Forever Family
By Penny Wiegert
Like most parents, my husband and I have certain things we have regularly said to our children that they are probably sick of hearing.
Just a few examples are: “Do your homework. Clean up your room. Save your money. There is a difference between needs and wants. Be nice to your brother and sisters. When all else fails, your family is forever.” 
Of course all our instruction, guidance and clichés naturally changed according to the age of the children, their circumstance as students, young workers, sports participants, etc. But you get the idea. 
I specifically remember a time when we had two daughters in high school and one in middle school. The schools were connected so they would see each other daily. The older ones didn’t want to be “embarrassed” by the younger one and vice versa. And of course, all three were of the age where all their friends’ comments and opinions mattered more than the Gospels. 
I remember giving the ‘family matters’ speech at the time. I was incensed that they would ignore each other for the sake of friends or would follow the pack mentality about their sisters. I remember admonishing them not to fall in with their friends when they were judgmental or unkind and most especially if that involved their siblings. No matter what, family is important, I instructed. 
I recall telling the girls that “friends will always come and go and go up and down in importance in your life, but family is family and you better stick up for each other and support each other.”  I added, “Your siblings are the first and last people who have a bond with you, care about you, support you and most of all family are the people who loved you first. You are part of each other.” I wanted them never to forget it.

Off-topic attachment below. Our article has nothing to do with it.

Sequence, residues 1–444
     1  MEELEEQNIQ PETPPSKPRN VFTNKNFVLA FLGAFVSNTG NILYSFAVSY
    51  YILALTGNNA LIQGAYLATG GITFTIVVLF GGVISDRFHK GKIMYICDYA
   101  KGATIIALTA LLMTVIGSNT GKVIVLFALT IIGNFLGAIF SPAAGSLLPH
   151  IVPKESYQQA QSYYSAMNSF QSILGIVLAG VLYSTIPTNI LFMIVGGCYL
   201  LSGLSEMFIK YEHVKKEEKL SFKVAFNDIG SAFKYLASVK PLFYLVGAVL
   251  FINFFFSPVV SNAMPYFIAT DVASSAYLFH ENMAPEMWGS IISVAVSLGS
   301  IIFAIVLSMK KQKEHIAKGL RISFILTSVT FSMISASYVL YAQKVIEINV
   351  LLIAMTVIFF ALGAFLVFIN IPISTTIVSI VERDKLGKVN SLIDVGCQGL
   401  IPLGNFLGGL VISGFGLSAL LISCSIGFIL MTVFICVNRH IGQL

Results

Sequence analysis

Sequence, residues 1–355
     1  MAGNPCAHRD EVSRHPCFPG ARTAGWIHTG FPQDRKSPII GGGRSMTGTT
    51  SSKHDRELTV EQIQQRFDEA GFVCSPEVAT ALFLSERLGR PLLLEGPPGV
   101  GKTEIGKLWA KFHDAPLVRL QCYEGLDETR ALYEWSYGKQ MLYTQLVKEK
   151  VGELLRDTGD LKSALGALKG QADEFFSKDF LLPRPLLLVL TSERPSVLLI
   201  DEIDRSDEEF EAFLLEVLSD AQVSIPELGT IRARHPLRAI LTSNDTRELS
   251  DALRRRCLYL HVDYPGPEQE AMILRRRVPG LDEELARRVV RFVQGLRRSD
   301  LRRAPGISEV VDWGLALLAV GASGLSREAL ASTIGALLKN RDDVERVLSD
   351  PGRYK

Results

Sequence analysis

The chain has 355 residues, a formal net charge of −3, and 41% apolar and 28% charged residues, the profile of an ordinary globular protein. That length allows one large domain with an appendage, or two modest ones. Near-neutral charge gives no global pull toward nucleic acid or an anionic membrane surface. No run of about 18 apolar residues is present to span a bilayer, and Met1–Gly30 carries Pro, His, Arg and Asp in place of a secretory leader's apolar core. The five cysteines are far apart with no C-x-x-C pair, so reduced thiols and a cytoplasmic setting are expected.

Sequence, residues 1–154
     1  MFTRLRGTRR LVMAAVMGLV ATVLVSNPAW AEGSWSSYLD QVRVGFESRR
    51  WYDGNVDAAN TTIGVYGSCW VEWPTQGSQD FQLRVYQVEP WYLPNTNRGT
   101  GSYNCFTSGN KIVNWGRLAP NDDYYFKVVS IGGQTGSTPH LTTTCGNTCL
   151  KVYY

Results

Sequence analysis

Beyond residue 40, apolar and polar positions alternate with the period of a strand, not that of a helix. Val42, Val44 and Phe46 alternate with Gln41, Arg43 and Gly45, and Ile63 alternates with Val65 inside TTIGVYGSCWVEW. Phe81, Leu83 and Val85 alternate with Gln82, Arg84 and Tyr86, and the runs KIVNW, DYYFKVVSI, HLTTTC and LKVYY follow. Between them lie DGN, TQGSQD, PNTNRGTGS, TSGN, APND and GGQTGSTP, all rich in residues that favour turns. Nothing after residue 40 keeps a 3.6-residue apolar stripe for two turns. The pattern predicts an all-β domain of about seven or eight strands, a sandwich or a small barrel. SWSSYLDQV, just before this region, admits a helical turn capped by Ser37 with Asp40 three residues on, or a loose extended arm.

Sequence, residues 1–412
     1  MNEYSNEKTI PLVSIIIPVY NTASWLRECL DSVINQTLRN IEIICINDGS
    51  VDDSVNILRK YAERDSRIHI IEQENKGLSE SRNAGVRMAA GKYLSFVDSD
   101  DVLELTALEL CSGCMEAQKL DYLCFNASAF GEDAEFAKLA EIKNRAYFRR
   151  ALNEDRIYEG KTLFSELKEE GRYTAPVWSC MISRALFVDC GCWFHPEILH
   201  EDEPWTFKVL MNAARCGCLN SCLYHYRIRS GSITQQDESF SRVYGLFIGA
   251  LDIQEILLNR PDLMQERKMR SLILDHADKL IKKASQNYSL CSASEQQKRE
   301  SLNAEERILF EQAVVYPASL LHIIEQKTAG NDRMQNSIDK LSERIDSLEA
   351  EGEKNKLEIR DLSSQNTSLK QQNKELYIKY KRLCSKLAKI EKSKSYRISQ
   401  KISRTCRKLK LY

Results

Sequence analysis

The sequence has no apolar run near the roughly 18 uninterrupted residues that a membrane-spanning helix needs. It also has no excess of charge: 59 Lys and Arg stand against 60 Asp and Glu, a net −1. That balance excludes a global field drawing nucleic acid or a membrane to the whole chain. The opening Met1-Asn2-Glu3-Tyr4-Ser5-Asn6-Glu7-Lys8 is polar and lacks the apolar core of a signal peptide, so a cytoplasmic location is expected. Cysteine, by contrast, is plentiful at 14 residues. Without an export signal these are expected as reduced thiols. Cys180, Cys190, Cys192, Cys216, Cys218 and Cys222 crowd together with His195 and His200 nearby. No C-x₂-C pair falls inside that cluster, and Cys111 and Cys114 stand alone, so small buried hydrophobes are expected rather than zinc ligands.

And now that our children are older and have or are making families of their own, some of what we want our kids to understand about that sibling bond is even more important.
My thoughts on family and most especially siblings, took on new meaning lately because of a couple things.
First, we happily are going to add another member to our family. My son announced that he is engaged. We couldn’t be happier to welcome another daughter into the family. And with all our faults and failings we hope she is happy to be part of us. But most important, our son is happy and so are we.
We look forward to sharing all the history that makes her husband-to-be the person she loves today. 
It will be wonderful to become part of their new family. And thankfully, our future daughter-in-law comes from a family who understands the incredible gift that family life is and how it shapes you, for better or worse, into the person you are in the present.
Second, this is a milestone birthday year for my sister. There is a considerable age difference between us so at various times we were each like only children to our parents. There were also times that we didn’t or couldn’t really relate to each other because we were at radically different stages in our development. I was her first babysitter and the first one to teach her things she probably didn’t need to know ... or at least that’s what my parents thought. When I learned to drive, in the days before seat belt laws, she was my little co-pilot standing in the middle of the front seat like a little hood ornament. 
But as we have gotten older, the age difference sort of melts away. The common denominator is that we are both getting older and we are sisters. We have cried the same kind of tears for grandparents and even for our mom in death. We have cried joyful tears at graduations, weddings and births. In times of triumph and challenge in her life or mine, we are still sisters and always will be. 
So as she celebrates her half century on this planet, I thank God for having a sister. Someone who, because of our shared DNA, makes the journey of life less lonely. There are so few people who can say they’ve known you forever. I am so honored to be one of those people for my sister. 
Yes, family is forever. Pass it on.